Server-Wide and Per-User Segmentation


Introduction


When accessing your mailbox, homed on a Microsoft Exchange 2007 Mailbox server, using Outlook Web Access 2007, you have a myriad of options to customize the functionalities of your mailbox. For one you can change the theme, or you can use Outlook Web Access to change your password, set your Out-of-Office, or change the pin code required to access your mailbox using the Unified Messaging server role. As an administrator you have the ability to configure segmentation, which will allow you to enable and disable certain features both server-wide as for one or more users. Client Access segmentation can be configured server-wide using the Exchange Management Console or using the Exchange Management Shell, and for specific mailboxes only by using the Exchange Management Shell cmdlet Set-CASMailbox. In this article I would like to introduce you to both forms of segmentation and what you should keep in mind when using them.


Server-Wide Segmentation: OWA


After installing the Client Access server role in your Exchange organization, you can use the Exchange Management Console to configure server-wide segmentation. To do so, you need to open the Exchange Management Console, go to Server configuration, Client Access server role, right-click OWA and go to the property page called segmentation, where you are able to enable/disable the following features server-wide, as can be seen in Figure 1:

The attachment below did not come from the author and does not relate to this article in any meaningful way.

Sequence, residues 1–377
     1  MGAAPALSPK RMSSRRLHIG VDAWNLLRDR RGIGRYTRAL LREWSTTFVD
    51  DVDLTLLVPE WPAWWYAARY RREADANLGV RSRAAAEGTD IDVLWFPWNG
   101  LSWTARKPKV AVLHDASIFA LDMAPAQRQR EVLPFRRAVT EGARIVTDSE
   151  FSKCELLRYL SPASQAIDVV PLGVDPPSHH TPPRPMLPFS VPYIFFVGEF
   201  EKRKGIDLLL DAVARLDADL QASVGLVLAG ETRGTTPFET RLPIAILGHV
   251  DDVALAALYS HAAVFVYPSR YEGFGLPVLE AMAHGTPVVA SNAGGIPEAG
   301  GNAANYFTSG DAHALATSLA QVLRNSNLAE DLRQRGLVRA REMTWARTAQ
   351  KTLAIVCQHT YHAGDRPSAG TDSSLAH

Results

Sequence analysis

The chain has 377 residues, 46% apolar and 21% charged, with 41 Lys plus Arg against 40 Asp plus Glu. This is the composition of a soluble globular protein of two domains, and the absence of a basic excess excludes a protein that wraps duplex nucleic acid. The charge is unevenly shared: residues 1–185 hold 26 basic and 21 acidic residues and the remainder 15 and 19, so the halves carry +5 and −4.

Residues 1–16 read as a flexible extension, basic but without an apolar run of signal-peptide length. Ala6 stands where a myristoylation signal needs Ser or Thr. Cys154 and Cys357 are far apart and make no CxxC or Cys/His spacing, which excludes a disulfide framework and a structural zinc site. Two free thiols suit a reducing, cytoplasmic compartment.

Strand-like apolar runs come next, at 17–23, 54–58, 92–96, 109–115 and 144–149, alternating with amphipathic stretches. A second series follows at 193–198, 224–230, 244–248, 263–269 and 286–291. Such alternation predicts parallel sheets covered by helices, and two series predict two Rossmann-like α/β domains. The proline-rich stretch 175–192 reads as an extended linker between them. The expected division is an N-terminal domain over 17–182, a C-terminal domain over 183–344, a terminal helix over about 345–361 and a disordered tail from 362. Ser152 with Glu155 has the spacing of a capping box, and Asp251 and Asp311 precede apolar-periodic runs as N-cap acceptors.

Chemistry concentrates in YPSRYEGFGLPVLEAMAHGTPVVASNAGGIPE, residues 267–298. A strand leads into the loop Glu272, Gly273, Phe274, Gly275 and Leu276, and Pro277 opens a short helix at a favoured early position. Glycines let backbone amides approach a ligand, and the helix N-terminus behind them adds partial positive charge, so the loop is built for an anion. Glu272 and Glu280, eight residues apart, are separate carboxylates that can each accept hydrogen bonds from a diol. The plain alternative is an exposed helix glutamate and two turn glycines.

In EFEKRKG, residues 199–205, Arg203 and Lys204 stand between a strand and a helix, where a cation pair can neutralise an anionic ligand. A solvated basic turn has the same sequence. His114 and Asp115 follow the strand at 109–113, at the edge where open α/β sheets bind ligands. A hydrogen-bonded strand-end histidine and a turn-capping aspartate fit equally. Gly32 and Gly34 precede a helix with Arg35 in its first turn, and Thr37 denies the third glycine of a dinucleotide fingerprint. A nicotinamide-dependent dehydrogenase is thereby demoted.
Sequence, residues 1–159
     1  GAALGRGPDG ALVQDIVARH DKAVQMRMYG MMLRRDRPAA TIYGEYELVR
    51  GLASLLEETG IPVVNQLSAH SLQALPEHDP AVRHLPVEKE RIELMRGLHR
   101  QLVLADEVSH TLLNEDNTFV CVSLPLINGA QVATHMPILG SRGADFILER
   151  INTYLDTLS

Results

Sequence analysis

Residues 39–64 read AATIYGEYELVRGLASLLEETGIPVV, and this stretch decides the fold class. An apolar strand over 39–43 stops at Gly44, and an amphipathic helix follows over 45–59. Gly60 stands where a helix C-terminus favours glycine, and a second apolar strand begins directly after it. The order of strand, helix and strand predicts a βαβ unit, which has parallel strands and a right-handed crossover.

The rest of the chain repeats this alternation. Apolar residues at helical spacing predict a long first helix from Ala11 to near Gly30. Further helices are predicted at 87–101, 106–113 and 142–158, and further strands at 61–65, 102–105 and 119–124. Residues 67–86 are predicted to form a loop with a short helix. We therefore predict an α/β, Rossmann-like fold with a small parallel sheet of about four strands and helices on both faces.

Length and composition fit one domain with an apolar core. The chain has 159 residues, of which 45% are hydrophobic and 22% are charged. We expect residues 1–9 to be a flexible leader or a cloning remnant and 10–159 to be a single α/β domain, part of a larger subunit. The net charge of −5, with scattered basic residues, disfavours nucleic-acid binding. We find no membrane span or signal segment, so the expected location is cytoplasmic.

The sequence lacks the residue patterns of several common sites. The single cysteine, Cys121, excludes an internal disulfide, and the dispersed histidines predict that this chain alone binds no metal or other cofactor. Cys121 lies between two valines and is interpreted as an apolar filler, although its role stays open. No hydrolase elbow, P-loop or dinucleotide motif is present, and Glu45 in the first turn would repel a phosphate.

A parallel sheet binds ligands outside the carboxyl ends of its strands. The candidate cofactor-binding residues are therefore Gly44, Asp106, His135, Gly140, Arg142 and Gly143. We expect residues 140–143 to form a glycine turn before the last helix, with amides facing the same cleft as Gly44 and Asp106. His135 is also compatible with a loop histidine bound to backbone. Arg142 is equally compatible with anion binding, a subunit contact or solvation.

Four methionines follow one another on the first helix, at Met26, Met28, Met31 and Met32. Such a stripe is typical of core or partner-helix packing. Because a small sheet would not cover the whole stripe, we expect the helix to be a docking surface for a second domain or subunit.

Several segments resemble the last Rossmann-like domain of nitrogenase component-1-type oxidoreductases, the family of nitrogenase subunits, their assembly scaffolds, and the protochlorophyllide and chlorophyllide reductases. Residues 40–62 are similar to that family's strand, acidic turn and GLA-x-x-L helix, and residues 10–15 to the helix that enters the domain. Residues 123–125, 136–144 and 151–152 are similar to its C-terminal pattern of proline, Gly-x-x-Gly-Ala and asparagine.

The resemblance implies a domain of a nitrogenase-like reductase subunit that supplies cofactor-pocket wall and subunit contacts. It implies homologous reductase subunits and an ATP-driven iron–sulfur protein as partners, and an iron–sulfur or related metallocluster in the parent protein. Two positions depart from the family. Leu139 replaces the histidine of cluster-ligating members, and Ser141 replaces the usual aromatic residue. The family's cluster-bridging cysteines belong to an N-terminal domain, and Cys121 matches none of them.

• Exchange ActiveSync Integration


  • All Address Lists


  • Calendar


  • Contacts


  • Journal


  • Junk E-Mail Filtering


  • Reminders and Notifications


  • Notes


  • Premium Client


  • Search Folders


  • E-mail Signature


  • Spelling Checker


  • Tasks


  • Theme Selection


  • Unified Messaging Integration


  • Change Password


  • Rules


  • Public Folders


  • S/MIME


  • Recover Deleted Items


Figure 1: Server Side Segmentation


Server-Wide Segmentation: IMAP4


Ever since SP1, you can configure next to Connection Settings, also Retrieval Settings in reference to the IMAP4 protocol using the Exchange Management Console, Server Configuration, Client Access, POP3 and IMAP4, and select the properties for IMAP4 as can be seen in Figure 2.



Figure 2: IMAP4 Retrieval Settings


Server-Wide Segmentation: POP3


As with IMAP4, ever since SP1, you can configure next to Connection Settings, also Retrieval Settings in reference to the POP3 protocol using the Exchange Management Console, Server Configuration, Client Access, POP3 and IMAP4, and select the properties for POP3 as can be seen in Figure 3.



Figure 3: POP3 Retrieval Settings


Per-User Segmentation = Set-CASMailbox


By using the Exchange Management Shell cmdlet Set-CASMailbox, you are able to enable and disable more than just Outlook Web Access related features for one or more mailboxes.